# Tridiagonal Matrix Algorithm ("Thomas Algorithm") in C++

Tridiagonal Matrix Thomas Algorithm in C++

In the previous article on solving the heat equation via the Tridiagonal Matrix ("Thomas") Algorithm we saw how to take advantage of the banded structure of the finite difference generated matrix equation to create an efficient algorithm to numerically solve the heat equation. We will now provide a C++ implementation of this algorithm, and use it to carry out one timestep of solution in order to solve our diffusion equation problem.

The Tridiagonal Matrix Algorithm, also known as the Thomas Algorithm, is an application of gaussian elimination to a banded matrix. I've written up the mathematical algorithm in this article. The algorithm itself requires five parameters, each vectors. The first three parameters $\bf{a}$, $\bf{b}$ and $\bf{c}$ represent the elements in the tridiagonal bands. Since $\bf{b}$ represents the diagonal elements it is one element longer than $\bf{a}$ and $\bf{c}$, which represent the off-diagonal bands. The latter two parameters represent the solution vector $\bf{f}$ and $\bf{d}$, the right-hand column vector.

You can see the function prototype here:

void thomas_algorithm(const std::vector<double>& a,
const std::vector<double>& b,
const std::vector<double>& c,
const std::vector<double>& d,
std::vector<double>& f) {


Notice that $\bf{f}$ is a non-const vector, which means it is the only vector to be modified within the function.

It is possible to write the Thomas Algorithm function in a more efficient manner to override the $\bf{c}$ and $\bf{d}$ vectors. Finite difference methods require the vectors to be re-used for each time step, so the following implementation utilises two additional temporary vectors, $\bf{c^{*}}$ and $\bf{d^{*}}$. The memory for the vectors has been allocated within the function. Every time the function is called these vectors are allocated and deallocated, which is suboptimal from an efficiency point of view.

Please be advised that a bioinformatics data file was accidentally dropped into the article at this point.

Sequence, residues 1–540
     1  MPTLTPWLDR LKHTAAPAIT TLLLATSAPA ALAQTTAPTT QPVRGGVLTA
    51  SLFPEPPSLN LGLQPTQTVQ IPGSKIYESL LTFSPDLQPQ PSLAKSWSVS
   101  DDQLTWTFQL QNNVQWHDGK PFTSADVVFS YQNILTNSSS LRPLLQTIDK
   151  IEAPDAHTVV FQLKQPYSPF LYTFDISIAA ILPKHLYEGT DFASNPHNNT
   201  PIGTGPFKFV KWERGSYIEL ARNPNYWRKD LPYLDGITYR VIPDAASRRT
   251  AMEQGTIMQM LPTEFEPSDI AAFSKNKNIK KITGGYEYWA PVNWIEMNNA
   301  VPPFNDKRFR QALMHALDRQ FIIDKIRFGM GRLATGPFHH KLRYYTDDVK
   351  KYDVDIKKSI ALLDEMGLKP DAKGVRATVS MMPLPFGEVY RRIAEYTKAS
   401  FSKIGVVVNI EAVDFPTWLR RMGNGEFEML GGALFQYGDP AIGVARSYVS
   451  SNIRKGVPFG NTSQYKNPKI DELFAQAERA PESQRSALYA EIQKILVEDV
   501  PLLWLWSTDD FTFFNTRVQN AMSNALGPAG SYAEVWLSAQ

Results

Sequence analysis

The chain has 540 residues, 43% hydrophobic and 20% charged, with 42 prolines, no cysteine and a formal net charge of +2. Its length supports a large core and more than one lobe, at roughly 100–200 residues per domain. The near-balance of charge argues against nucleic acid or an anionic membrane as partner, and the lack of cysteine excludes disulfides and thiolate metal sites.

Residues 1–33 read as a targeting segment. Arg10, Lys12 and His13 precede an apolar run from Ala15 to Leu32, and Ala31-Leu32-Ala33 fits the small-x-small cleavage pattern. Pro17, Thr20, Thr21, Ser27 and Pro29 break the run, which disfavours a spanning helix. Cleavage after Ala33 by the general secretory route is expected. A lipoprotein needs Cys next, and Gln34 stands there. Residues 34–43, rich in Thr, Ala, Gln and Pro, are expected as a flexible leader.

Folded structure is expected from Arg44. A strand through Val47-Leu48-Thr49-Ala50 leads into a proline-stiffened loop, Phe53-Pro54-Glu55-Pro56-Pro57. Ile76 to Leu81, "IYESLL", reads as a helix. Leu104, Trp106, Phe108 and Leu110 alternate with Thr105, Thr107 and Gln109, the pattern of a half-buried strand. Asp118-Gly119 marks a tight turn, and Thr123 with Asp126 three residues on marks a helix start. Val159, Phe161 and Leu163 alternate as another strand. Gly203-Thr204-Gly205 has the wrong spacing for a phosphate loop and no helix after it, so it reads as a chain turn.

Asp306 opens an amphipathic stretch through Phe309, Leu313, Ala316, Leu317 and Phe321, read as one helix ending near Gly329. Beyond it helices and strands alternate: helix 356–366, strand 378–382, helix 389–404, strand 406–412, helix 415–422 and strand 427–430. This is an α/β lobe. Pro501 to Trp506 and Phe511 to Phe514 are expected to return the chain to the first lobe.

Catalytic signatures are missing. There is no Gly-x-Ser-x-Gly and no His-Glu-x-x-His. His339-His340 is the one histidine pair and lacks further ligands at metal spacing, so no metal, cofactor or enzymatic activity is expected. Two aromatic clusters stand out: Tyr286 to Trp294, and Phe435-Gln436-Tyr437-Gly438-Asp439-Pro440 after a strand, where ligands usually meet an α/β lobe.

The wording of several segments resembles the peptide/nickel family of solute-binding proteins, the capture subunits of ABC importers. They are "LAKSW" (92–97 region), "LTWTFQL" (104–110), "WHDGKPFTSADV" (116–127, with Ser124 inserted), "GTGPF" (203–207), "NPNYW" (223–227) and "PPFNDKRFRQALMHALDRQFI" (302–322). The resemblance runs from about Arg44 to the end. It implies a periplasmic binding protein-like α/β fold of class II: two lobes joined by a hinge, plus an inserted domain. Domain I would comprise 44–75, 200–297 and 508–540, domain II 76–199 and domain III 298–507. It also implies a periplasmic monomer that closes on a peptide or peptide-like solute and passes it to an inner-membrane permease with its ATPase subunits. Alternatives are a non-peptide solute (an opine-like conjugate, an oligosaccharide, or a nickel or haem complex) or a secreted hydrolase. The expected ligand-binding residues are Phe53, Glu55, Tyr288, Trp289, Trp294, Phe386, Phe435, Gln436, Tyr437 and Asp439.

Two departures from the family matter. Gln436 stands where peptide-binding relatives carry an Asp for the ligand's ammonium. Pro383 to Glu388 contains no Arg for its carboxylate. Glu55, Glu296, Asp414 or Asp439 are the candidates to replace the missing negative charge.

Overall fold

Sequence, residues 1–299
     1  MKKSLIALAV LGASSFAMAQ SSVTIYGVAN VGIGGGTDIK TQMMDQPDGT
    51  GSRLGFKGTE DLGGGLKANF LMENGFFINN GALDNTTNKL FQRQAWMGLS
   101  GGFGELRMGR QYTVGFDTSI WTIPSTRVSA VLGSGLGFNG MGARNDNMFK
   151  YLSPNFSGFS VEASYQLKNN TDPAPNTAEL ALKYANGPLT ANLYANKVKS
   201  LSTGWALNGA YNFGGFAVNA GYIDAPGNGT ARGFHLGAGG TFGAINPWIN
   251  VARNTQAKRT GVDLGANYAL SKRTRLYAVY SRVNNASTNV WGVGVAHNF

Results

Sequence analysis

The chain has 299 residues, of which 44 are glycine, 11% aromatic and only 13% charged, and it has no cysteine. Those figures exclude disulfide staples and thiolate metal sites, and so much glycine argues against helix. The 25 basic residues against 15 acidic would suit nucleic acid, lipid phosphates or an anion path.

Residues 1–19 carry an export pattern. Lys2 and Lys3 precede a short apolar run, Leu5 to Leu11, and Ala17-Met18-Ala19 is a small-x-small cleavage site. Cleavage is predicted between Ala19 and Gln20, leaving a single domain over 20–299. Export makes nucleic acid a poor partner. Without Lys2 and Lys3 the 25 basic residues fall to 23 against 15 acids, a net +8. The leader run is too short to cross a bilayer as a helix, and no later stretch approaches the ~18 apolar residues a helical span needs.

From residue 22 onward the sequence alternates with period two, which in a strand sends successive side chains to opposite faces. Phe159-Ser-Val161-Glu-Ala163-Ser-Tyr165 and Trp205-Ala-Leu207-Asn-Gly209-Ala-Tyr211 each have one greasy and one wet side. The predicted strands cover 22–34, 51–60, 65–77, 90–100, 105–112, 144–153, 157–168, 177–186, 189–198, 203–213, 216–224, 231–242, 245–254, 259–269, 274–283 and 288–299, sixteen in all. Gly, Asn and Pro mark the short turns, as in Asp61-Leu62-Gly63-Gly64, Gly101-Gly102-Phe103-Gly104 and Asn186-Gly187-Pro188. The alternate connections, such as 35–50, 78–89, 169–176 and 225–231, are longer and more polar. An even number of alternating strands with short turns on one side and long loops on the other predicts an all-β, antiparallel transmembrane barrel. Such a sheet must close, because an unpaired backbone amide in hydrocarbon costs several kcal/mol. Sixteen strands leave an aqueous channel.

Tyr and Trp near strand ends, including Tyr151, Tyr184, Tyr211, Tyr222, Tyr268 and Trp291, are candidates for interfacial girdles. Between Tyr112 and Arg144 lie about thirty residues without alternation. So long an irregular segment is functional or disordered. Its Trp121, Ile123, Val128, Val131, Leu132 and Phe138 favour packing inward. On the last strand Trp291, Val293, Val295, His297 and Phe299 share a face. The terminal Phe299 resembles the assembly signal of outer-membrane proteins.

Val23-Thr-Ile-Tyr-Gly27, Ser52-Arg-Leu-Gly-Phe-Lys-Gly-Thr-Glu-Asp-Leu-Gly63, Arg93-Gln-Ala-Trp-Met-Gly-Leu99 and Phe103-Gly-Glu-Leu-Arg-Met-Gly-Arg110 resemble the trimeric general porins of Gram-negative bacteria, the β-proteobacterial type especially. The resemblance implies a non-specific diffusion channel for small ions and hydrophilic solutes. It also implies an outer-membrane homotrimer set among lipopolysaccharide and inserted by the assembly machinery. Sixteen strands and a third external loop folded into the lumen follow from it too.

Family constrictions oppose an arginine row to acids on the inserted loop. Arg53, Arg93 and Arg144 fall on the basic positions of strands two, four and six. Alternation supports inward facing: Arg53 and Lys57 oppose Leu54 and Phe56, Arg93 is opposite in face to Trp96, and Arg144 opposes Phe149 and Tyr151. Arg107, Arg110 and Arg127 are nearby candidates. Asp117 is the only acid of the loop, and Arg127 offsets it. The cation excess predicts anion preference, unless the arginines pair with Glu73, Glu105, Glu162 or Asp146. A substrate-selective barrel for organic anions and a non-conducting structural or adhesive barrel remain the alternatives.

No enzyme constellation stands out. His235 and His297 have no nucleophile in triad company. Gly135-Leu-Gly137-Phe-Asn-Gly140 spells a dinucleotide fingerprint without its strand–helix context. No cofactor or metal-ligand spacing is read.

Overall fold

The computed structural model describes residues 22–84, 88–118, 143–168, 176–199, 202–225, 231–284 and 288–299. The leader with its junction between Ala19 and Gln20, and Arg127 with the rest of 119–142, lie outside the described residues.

A proper "production" implementation would pass references to these vectors from an external function that only requires a single allocation and deallocation. However, in order to keep the function straightforward to understand I've not included this aspect:

std::vector<double> c_star(N, 0.0);
std::vector<double> d_star(N, 0.0);


The first step in the algorithm is to initialise the beginning elements of the $\bf{c^{*}}$ and $\bf{d^{*}}$ vectors:

c_star[0] = c[0] / b[0];
d_star[0] = d[0] / b[0];


The next step, known as the "forward sweep" is to fill the $\bf{c^{*}}$ and $\bf{d^{*}}$ vectors such that we form the second matrix equation $\bf{A^{*}}f=d^{*}$:

for (int i=1; i<N; i++) {
double m = 1.0 / (b[i] - a[i] * c_star[i-1]);
c_star[i] = c[i] * m;
d_star[i] = (d[i] - a[i] * d_star[i-1]) * m;
}


Once the forward sweep is carried out the final step is to carry out the "reverse sweep". Notice that the vector $\bf{f}$ is actually being assigned here. The function itself is void, so we don't return any values.

for (int i=N-1; i-- > 0; ) {
f[i] = d_star[i] - c_star[i] * d[i+1];
}


I've included a main function, which sets up the Thomas Algorithm to solve one time-step of the Crank-Nicolson finite difference method discretised diffusion equation. The details of the algorithm are not so important here, as I will be elucidating on the method in further articles when we come to solve the Black-Scholes equation. This is only provided in order to show you how the function works in a "real world" situation: